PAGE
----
Translation Loss 2007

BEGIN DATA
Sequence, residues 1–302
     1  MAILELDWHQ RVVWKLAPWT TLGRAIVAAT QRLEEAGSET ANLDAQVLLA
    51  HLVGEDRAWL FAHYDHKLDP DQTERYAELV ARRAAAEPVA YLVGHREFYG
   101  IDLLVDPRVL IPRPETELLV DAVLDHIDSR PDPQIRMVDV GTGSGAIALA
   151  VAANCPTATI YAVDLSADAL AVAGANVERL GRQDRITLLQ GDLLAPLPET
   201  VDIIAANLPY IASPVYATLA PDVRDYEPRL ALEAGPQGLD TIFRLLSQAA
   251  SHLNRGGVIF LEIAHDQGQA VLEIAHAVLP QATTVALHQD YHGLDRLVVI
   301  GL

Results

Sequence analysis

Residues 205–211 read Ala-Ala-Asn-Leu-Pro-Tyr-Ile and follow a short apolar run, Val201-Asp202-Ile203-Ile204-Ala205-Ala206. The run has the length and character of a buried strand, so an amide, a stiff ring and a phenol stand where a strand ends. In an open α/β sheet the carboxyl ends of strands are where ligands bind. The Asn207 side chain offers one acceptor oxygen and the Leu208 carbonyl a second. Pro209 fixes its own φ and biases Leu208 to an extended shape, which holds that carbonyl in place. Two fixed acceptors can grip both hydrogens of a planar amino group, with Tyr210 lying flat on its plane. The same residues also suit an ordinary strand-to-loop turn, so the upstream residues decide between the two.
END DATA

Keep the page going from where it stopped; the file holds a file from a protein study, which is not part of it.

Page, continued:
Bostonís Irepress might just be the best instrumental band I have heard in a long time, maybe ever. This quintet of talented musicians weave intricate patterns of soulful and heartfelt music that tears and grips at my emotions. Vulnerable and serene and intense all at the same time, each song layers on beautiful melodies and drumming finesse with ease and the skill of masters of their art. Each song is similar in nearly all aspects and Samus Octology could really be treated as a single 45 minute song with 8 individual movements. The different instruments struggle against each other in one second and blend beautifully together at the next. My favorite song, A: Frid Ohm B: Martin Eek starts off in a soft and timid manor but opens up into realms of crashing heaviness, possibly the heaviest of the entire album. There is also a really killer guitar effect thrown in around the 4:40 mark of that song that just destroys me. Meanwhile on Nonografistole Adendum clean melodic bass lines mate and meld with bluesy and plaintive brass sax musings while later in the song some killer jungle drumming takes over the brooding energy permeating the track. Another of my favorite passages is around the 1 minute mark of the second track, Samus where all the instruments die off and we are left with skeletal drumming and a clean guitar tapping its way over the top in a dance of bereavement. The guitar tone so bright and frail at the same time stands out like polished crystal in a dense and dark cavern. But when Irepress go heavy the guitars dish out punishment with a pummeling crunch. Without the vocals to muddle the albumís intent, the listener can focus both on the fragile emotional journey the music lays before them as well as explore their own inner turmoil and finally lay it to rest. And like my own inner turmoil the music is never at rest, yet is constantly swirling and folding in on itself only to expand yet again. It is really hard to put into words a description worthy of the music these guys play. I feel the only way to truly do the music justice is for everyone to listen to it on their own and wallow in the tranquil and complex instrumental discourse unfolding before them. An Iliad, if you will, of sorrow and mournful contemplation for both my ears and my heart.